As a band that is almost more known for its internal troubles and what its members did after their time together, Uncle Tupelo was a promising young band that effectively bridged the gulf between country and rock for a modern audience. With the 90’s displaying a more open door policy thanks to the initial wave of heavy metal meets punk philosophy of the popular Seattle bands, Uncle Tupelo made their contribution by taking that discordant punk attack and marrying it to the virtues of country music. This album will work just as well for your tobacco chewing country boy as it would for your average angst-ridden working class young male. The former will appreciate the heartfelt melodicism of the album, while the latter might take more to its unhinged electric onslaught. But just maybe, the true quality of the album lies in its ability to communicate the sentiments of both groups in a natural, organic fashion. The end result is a wonderful mix of punk fueled aggression and poignant wistfulness that is easy to admire.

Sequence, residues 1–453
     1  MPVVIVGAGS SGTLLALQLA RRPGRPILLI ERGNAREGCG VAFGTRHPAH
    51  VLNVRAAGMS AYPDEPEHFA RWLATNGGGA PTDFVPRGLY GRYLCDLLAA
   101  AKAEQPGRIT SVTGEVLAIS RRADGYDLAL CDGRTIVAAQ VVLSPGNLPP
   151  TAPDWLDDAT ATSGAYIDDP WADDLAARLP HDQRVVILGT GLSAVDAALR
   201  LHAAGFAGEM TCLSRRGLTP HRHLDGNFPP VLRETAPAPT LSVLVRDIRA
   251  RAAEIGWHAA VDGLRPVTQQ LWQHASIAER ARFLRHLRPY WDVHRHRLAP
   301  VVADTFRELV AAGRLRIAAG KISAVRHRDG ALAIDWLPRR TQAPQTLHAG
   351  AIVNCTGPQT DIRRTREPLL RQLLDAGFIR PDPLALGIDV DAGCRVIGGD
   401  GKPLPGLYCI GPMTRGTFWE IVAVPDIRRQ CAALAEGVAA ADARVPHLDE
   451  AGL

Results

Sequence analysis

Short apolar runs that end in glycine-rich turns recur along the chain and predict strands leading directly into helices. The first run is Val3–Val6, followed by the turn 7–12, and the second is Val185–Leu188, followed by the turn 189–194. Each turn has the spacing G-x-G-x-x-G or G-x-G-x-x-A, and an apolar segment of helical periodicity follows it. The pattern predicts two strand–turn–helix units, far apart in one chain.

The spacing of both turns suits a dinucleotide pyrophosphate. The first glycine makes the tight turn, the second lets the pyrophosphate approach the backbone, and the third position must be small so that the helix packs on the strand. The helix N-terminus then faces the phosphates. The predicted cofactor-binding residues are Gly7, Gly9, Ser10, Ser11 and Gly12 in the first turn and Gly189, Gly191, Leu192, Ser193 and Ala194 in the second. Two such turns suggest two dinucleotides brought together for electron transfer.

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user ratings (22)

Comments:Add a Comment 
October 23rd 2013


Super underrated band!!!!

October 24th 2013


Great review.

October 24th 2013


sounds chill, will check.

October 24th 2013


Mama, rock you lil' one slow,
Mama, rock your baby,
Mama, rock you lil' one slow,
Mama, rock your baby,
Mama, rock your baby,
Mama, rock your baby,
Mama, rock you lil' one slow,
Mama, rock your baby,
Mama, rock your baby,
Mama, rock your baby,
Til the King is born in Tupelo
Til the King is born in Tupelo
Til the King is born in Tupelo
Til the King is born in Tupelo
Mama, rock you lil' one slow,
Mama, rock your baby,
Mama, rock you lil' one slow,
Mama, rock your baby,
Til the King is born in Tupelo,
Til the King is born in Tupelo,
Til the King is born in Tupelo,
Til the King is born in Tupelo!

Yeah! Yeah!
And carry the burden of Tupelo,
Yeah, yeah, yeah! Tupelo, Tupelo, Tupelo, Tupelo...
Yeah! The King will walk on Tupelo!
He carried the burden outta Tupelo!
Yeah, Tupelo
You will reap just what you sow!

October 31st 2013


An interesting, if cryptic response!

February 24th 2017


Album Rating: 4.0

lol ^

March 31st 2017


Album Rating: 3.5

When you're used to Wilco and Son Volt it is surprising how loud and aggressive this band can be.

March 31st 2017


need to hear this one, love No Depression and March 16-20.

I've heard this one is quite hard rocking, sounds awesome.